Cover Reveal: Squelched

I’m thrilled to be able to reveal the cover of Squelched. Release date January 2020.

Tory’s life is comfortably routine. She has her cat, her job at the Laurel Glen Library, and her friend Jess. She’s happy and content … until she loses her job, finds her deadbeat dad, and discovers she’s a monster with deadly powers.

FBI Agent Nico Michaelson was hoping for the assignment to launch his career. Instead he’s stuck following Tory and her crazy cat. But is she really the monster the government believes she is? And is he willing to kill her, or would he rather ask her out?

Sparks fly in this lighthearted urban fantasy in which the only likely casualty is one man’s heart.

National (bad) Poetry Day

Last Friday was National Poetry Day. Unfortunately, I didn’t get around to posting a poetry blog on the day, but I did work with my students on poetry all week. 

When I give my students a writing challenge, I like to do the challenge alongside them. That way, if they’re shy when it comes time to share what they’ve written, I can share my writing first. Usually, they’re willing to share after hearing my hastily-written first-draft junk.

So, needless to say, I wrote a lot of poetry last week. A lot of silly, poorly thought-out poetry. Here are a couple of them that made my students giggle.

Supernought

They think I have a superpower
A skill that’s so superb,
It rivals every other hero.
Villains it perturbs.

I smile inside because I know
They are all mistaken.
The only skills that I posses are
Smiling well and faking.

******

Cat by the Fire

He worships his god,
Prostrating himself nightly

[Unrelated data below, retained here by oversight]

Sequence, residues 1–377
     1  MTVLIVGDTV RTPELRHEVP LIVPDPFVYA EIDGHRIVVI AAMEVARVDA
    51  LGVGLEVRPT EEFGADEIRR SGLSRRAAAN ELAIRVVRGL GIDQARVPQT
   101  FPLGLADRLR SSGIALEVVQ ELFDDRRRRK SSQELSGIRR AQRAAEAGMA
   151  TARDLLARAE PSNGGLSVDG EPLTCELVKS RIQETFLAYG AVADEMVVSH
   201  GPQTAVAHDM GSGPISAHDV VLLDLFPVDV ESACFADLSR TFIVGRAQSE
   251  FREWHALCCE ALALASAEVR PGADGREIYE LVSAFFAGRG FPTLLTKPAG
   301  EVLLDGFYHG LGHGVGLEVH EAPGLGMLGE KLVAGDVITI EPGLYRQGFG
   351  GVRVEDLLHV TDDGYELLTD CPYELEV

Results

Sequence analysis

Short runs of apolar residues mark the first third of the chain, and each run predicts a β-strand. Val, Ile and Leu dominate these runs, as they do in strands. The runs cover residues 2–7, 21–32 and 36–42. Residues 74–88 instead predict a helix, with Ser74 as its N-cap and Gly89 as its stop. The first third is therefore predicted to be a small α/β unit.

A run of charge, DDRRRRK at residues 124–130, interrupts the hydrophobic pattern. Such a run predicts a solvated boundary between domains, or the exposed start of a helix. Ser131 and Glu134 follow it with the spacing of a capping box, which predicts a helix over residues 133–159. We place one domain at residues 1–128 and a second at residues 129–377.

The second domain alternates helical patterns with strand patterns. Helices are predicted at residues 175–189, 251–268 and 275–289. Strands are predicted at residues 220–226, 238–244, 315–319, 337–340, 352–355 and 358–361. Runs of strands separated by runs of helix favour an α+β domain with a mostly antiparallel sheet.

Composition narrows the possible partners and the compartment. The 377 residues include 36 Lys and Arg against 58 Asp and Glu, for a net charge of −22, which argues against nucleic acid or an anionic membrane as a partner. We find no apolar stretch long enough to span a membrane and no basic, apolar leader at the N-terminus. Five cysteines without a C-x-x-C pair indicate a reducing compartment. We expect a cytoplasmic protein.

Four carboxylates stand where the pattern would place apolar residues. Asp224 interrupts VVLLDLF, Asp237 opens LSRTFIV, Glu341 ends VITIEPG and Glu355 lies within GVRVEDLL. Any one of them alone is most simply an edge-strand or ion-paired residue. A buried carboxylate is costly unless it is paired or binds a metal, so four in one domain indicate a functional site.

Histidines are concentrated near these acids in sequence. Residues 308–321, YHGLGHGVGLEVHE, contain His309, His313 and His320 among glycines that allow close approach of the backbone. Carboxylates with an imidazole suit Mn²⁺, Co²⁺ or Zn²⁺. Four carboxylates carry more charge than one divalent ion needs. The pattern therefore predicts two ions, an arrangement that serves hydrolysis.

Before the fiery altar,
His rumbling prayer
A tuneless drone.

His faith and devotion
Are unsurpassed,
Radical, even,
As he attacks any
Who prevent his adoration
Of the winter god.

******

In the Fish Tank at the Library

There once was a mermaid so fair
Passersby all stopped to stare.
She hated the looks
And hid behind books.
A book-loving mermaid is rare.

Upcoming Events!

This Saturday, 24 November, will be a great day for book lovers in Christchurch! Two great events will be running all day. I’ve teamed up with author Jo Carson-Barr, so we’ll both have a presence at each event.

Jo will be meeting readers and selling both our books at the Wham Bam Author Jam, at the Addington Raceway from 10 to 4. Lots of other authors will be there, too, from New Zealand and Australia. It’s a great chance to discover some new authors and books!

Get tickets and more info

I’ll be at the Tamariki Book Festival in Raoura Park from 10 to 3, along with a bunch of other local authors. The Festival includes readings (mine is at 10.20 am), activities for kids (including a scavenger hunt with prizes!), and opportunities for kids of all ages to do a little creative writing of their own. I’ll have live insects for kids to check out, and will talk about how I use science in my creative writing. I’ll also be selling my books and Jo’s.

Get more info about the festival

 

Breaking up the Work

Edits and notes … tackling one at a time

I’ve neglected my blog lately. Between springtime and the end of the school year, I’ve felt like my time at the computer has been limited, and I’ve felt the need to focus on editing.